article banner

UK referendum: Price of reliable crystal balls soars

In the wake of the UK’s vote to leave the European Union (EU), there are many people trying to understand what it means for the future. The demand for reliable crystal balls is high, while supply remains stubbornly low. Consequently the market price of reliable crystal balls has soared.

Time and timing

In general, only time will give the answers. Yet time itself is also uncertain. No-one can say when the following things will happen, or how long they will take:

  1. UK government notification to European Council President Donald Tusk of the UK’s intention to leave the EU: The UK Prime Minister David Cameron plans to leave it to his successor, who will be appointed on 2 September. The timing of the letter remains within the gift of the UK, but there will be pressure from the EU if it is postponed too long. UK Parliament must first vote by majority that a notification should be sent.
  2. Impact of 2017 elections in France (April) and Germany (September): The leaders of the two biggest EU nations will be at best distracted and at worst unwilling to engage while their own elections are under way.
  3. Article 50 negotiation – terms for the UK’s exit from the EU: Once Donald Tusk receives the UK’s exit letter there is in principle a two year window for the UK and the other EU Member States to negotiate the financial and legal terms of the UK’s exit. This negotiation does not include the nature of their future trade relationship.
  4. Trade relationship with the EU and other countries: The UK civil service will need to employ skilled trade negotiators because the UK has not negotiated a major trade agreement while a member of the EU. Not only will the UK want to negotiate its trading relationship with the EU (and all that entails about the level of access to the single market, potential tariffs, mutual recognition or not of trading standards and regulation) but it will no longer be party to EU trade agreements with other countries. So the UK will have to negotiate its own trading terms (and tariffs, regulation etc) with the likes of China, the US and Japan. To put that timing in context, the EU trade agreement with Canada (excludes services, not as comprehensive as unfettered access to the EU single market) took seven years to negotiate and it is not yet ratified.
  5. EU influence on UK law: Since 1973 in practical terms no EU law has proceeded without the prior agreement of the UK (together with France and Germany). That period of EU influence on UK law will need disentangling and replacement. It will be a monumental exercise at a time when the UK legislative agenda is already full. As well as crystal balls, constitutional and other lawyers will be in short supply.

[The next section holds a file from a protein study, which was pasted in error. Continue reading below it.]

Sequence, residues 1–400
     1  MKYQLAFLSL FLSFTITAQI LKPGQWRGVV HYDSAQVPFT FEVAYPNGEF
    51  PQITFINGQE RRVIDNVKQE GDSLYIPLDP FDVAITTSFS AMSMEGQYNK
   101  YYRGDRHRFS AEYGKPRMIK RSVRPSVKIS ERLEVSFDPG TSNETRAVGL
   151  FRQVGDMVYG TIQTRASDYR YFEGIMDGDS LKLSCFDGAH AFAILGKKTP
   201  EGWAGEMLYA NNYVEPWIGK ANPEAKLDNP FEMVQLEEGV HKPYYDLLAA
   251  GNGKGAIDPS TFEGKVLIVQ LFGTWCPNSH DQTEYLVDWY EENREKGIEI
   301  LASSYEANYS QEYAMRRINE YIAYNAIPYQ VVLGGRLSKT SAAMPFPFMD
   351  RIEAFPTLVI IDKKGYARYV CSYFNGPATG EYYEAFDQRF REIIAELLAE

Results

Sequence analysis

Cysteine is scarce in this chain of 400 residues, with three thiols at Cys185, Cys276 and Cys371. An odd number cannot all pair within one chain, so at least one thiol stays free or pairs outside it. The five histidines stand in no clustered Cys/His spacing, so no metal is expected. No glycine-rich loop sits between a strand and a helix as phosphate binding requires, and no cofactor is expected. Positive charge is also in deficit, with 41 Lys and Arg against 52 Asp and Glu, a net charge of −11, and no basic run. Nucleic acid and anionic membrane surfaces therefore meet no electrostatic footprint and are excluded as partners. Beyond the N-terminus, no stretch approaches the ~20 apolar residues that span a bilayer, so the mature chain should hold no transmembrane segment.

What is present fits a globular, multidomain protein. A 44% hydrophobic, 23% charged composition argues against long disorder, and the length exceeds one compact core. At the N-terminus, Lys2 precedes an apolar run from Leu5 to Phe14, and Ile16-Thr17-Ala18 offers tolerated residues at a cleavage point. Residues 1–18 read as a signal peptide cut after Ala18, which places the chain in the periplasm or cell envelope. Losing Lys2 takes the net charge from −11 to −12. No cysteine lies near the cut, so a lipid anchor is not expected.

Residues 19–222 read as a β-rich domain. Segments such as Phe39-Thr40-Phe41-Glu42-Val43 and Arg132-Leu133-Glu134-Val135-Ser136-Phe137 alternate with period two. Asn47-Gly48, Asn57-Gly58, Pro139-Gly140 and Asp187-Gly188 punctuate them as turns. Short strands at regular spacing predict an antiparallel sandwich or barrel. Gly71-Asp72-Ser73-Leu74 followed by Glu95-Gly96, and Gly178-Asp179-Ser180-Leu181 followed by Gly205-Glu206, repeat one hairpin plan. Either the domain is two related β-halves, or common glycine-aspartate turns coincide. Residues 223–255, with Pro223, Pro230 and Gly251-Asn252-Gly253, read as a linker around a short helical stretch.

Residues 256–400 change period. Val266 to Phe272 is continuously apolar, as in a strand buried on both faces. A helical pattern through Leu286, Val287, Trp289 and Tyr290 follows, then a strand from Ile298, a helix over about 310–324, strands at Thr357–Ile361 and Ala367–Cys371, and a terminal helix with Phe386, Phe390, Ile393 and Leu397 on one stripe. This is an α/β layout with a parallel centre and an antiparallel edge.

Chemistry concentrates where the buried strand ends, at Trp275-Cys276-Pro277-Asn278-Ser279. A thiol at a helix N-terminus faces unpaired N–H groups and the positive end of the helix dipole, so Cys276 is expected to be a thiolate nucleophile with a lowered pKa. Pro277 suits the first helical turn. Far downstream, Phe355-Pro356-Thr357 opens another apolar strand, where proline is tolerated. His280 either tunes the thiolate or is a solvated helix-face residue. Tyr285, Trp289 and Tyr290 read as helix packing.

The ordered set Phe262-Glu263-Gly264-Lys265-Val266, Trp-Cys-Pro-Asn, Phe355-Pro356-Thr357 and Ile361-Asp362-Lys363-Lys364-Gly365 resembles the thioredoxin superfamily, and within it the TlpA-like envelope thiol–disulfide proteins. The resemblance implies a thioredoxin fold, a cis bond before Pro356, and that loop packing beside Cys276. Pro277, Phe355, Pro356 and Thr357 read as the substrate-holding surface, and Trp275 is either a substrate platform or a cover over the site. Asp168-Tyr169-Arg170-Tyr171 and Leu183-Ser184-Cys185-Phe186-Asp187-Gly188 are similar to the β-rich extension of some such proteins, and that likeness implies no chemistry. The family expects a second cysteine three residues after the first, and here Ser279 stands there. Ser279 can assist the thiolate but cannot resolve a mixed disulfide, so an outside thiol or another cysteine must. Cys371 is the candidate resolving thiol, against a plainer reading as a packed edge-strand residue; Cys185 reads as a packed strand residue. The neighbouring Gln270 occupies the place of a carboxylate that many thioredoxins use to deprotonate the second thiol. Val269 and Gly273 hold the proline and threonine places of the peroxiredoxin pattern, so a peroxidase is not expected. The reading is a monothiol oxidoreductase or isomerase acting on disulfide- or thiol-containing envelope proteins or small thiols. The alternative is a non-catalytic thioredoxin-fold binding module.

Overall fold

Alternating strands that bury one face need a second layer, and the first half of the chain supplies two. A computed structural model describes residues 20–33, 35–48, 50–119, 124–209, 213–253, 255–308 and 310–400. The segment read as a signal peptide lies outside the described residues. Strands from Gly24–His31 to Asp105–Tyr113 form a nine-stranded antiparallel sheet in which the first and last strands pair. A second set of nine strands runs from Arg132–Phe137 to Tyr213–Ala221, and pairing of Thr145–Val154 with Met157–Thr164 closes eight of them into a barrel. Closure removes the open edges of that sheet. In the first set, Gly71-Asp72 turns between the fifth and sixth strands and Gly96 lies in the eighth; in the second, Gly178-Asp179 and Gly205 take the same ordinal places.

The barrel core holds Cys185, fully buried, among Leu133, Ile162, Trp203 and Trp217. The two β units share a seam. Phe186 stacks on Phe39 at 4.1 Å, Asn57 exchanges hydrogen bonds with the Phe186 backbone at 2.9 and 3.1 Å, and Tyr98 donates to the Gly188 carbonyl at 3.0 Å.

Affect and effect

Nothing happens in isolation. The UK/EU process and negotiations will have myriad effects, many of which we have not yet identified. The negotiations and the negotiators will be affected by any number of issues which may or may not be currently observable. Here is a non-exhaustive list in no particular order:

  • the future of the EU: come back smaller but stronger? Fall apart?
  • migration
  • conflict on the borders of the EU; relationship with Russia and Turkey
  • the future of the Eurozone, Greece and other members: no monetary union has ever survived without political and fiscal union; many commentators believe that the Eurozone in its current construct is unsustainable
  • the UK political environment, UK party leadership, and the next UK general election: what happens if the next election is won by a party that stands on a manifesto of EU membership? Or that party forms part of a coalition government? Might that lead to a second referendum, or a notification to Donald Tusk that the UK wishes to withdraw its notification to withdraw?
  • the state and performance of the UK, European and global economies
  • the UK’s National Health Service (NHS), infrastructure projects, and support for other public services: if the UK economy falters that will put pressure on government funding generally; many eyes will be on the next UK budget
  • UK and EU social environment, social cohesion, integration and openness: Will three million EU residents in the UK feel welcome? And what about two million UK residents in the EU? What sort of country will the UK be in fact and perception? Could that harm the UK’s ability to attract the best people?
  • the future of the UK: Will the UK stay united? What does the future hold for the island of Ireland; Scotland; Gibraltar; devolution to English regions/cities - could London become a city state?

Uncertainty and opportunity

One thing we do know is that change brings uncertainty but also opportunity. A UK on its own may need help building new national IT infrastructures. The UK tax system might be simplified, for the benefit of corporate and personal taxpayers and the Treasury. Uncertainty might encourage a more diversified UK economy.

But one of the biggest enablers of economic growth is political, fiscal and economic stability, especially for Small and Medium sized Entities (SMEs), tech start-ups, and businesses looking to exploit a proven idea. And stability for both the remaining EU Member States and the UK is subject to a similar supply and demand equation as reliable crystal balls – highly prized but rare.

In ten years' time much of this will be known and we will be getting on with it. In the meantime I am pretty sure that my crystal ball is at least as good as anyone else’s…

Follow the conversation on Twitter: